The Orioles teams of 2012-2016 were projected by just about every expert and advanced model to lose a ton of games.
Instead, they won more than any other team in the American League, made the postseason three times, and came within four wins of a World Series berth in 2014 after running away with the vaunted American League East.
Once again, the models are unkind to the Orioles’ chances entering 2019.
The key to outpacing expert predictions year in and year out? Some might say it was Dan Duquette constantly tweaking the margins of the roster, looking for every small advantage. Some might say it was brilliant tactician Buck Showalter and his adept handling of the bullpen.
Others argue for the leadership of Adam Jones, or the skill of Manny Machado. Maybe it was just dumb luck, though Showalter liked to say there were no flukes over the course of 162 games.
Whomever may have played the biggest role in overcoming long odds, that member of the organization is likely gone. There are new faces everywhere you turn in Camden Yards these days, but as the old adage goes, these guys get paid too. Brandon Hyde and the new players are certainly still hoping to win as many games as possible.
With a new core in place, not to mention an entirely new front office, how does this group hope to outpace projections over the next few seasons?
“I think the expectation is that we’re going to compete every single night and try to win the game,” said rookie manager Brandon Hyde. “The kind of club I envision going forward is a team that catches the ball, that plays with energy, that gets down the line, that puts pressure on the defense and grinds out at-bats. And if we can do that, we’ll be in good shape.”
Hyde wasn't the only member of the Orioles Tuesday to use the word “compete.”
“I think the goal is always to compete,” Opening Day starter Andrew Cashner told reporters. “I don’t think anybody in here is not going to compete.”
Trey Mancini, suddenly an elder statesman in the organization, felt similarly.
“I mean the expectations may be different from everybody’s eyes and that’s very understandable,” Mancini responded to a question about preseason expectations. “We don’t come to the park with that in our minds every day. We want to compete. We’re in one of the toughest divisions in baseball, but we’re going out and competing every day and trying to win every game that we can. So that’s our mindset every day.”
For the few remaining players who spent time with those projection-beating teams, is there anything to take away from that experience?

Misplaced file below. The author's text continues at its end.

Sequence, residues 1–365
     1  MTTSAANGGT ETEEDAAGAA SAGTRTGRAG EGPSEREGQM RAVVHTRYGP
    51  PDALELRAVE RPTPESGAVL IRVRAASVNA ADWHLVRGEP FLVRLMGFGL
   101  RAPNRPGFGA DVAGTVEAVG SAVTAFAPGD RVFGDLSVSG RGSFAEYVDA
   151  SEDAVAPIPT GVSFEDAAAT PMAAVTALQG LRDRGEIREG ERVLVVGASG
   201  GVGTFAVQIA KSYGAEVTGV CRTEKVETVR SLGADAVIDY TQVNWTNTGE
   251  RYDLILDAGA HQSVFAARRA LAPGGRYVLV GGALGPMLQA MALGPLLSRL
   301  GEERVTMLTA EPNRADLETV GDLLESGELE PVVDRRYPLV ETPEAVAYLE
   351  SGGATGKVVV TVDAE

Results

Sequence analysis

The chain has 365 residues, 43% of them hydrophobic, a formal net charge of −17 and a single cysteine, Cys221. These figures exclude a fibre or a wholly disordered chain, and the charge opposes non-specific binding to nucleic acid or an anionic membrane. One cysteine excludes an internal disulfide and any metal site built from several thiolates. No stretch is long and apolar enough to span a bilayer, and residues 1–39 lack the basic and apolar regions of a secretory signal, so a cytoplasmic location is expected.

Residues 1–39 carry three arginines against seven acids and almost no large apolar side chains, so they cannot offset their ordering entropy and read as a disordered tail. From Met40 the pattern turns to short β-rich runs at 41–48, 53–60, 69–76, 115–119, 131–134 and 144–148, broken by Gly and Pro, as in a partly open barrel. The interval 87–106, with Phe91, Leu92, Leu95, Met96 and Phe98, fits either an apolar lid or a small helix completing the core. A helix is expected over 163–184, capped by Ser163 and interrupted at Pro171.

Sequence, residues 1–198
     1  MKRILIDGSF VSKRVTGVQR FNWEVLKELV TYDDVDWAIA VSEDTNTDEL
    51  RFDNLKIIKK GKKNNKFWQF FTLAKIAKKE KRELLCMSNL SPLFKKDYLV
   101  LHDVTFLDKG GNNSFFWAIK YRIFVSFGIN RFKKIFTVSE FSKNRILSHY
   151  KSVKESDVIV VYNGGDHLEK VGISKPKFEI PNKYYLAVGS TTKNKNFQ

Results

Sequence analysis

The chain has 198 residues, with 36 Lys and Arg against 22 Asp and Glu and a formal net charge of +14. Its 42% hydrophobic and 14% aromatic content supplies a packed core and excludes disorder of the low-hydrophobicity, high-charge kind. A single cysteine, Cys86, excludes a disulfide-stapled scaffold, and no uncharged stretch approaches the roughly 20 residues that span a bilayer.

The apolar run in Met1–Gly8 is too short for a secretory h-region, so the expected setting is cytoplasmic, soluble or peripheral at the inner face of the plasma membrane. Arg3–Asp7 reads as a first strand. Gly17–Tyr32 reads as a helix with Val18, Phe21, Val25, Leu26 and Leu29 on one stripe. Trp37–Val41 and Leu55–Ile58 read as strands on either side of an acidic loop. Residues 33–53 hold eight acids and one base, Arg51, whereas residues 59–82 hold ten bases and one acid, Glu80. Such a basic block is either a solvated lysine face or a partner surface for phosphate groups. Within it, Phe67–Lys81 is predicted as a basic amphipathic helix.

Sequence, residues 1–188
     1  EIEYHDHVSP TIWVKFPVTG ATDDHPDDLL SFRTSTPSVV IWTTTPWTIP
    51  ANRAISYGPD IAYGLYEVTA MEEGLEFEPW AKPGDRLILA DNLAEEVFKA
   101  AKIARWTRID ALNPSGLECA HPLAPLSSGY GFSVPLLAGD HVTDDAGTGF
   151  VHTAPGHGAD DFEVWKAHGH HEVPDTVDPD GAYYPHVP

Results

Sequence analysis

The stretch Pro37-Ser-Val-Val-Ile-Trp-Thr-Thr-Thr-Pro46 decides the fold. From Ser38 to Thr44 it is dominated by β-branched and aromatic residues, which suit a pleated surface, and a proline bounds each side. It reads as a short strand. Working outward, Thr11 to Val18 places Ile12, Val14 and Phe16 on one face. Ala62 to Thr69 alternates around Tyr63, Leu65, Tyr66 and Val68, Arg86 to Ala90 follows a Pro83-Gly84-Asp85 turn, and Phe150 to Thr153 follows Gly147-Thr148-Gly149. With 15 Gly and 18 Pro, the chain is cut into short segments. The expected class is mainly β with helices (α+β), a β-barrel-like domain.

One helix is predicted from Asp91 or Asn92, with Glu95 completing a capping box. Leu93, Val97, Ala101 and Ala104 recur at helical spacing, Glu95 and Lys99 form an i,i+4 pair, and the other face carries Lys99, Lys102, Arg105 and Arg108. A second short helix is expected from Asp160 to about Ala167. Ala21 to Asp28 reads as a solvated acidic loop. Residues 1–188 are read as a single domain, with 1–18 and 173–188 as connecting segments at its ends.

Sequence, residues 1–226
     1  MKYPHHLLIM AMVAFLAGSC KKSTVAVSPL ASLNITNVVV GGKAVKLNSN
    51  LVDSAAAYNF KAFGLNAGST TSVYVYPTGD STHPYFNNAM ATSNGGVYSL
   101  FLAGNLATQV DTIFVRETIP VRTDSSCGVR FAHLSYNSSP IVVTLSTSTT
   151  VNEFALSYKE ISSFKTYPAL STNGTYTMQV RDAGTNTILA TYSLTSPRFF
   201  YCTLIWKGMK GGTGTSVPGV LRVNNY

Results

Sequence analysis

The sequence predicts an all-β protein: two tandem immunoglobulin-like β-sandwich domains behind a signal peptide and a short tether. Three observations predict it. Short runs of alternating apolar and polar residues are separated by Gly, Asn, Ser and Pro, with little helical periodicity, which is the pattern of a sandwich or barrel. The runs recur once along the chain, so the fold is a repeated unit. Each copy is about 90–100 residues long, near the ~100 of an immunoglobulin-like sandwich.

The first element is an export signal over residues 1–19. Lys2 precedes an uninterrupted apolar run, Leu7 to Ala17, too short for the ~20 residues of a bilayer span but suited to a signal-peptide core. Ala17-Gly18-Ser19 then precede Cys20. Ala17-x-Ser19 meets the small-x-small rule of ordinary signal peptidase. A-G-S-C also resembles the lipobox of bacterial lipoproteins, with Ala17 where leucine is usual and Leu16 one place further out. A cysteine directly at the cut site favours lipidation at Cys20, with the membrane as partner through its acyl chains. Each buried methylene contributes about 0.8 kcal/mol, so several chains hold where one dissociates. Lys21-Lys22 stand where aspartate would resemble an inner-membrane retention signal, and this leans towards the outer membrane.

According to Drew Jackson, one of two Rule 5 draft picks to make the roster, the veterans haven’t been making any comparisons.
“We haven’t really talked about that,” Jackson told reporters. “I think we’ve been focusing on what we can take care of. That’s just going out there playing our game, playing high energy and hopefully surprise people. I know people don’t have high expectations with this team, but I think we’re all really good ballplayers and we’re all big leaguers. I think if we all come together and each do our job, you can be surprised.”
Mancini sees the influence of the previous faces of the franchise not in any specific action, but in attitude and preparation.
“They overshot expectations every year, and like I was saying, you can always exceed expectations no matter what they are,” Mancini said when asked about Jones, Machado and Showalter. “More by example, I just watched the way that they went about their business, you know they’ve been doing this for a while, so I just kind of took some notes on how they carried themselves and things like that. You try to instill that on the younger guys too.”
New GM Mike Elias also recognizes the job done by his predecessor.
“I’m incredibly impressed by what the previous administration managed to accomplish,” Elias said emphatically. “Against so much odds and expectations in the American League East. To be the winningest team over a five year period, to make three playoff appearances and one of them was pretty deep, that’s great success.”
The commitment to winning stems from the upper levels of the organization, even as the franchise prioritizes a strong future.
“We’re going try to win every game every night with the guys we have out there,” Elias continued. “Right now our organizational strategy is to elevate the level of talent up and down the organization. That’s first and foremost. But right behind that is winning ballgames.”
Ultimately, Mancini is the one who sums up this team’s game plan for the season pretty succinctly.
“You know, crazy things happen in baseball,” the newfound veteran told NBC Sports Washington. “We’re going to go out there and play our butts off every single day.”
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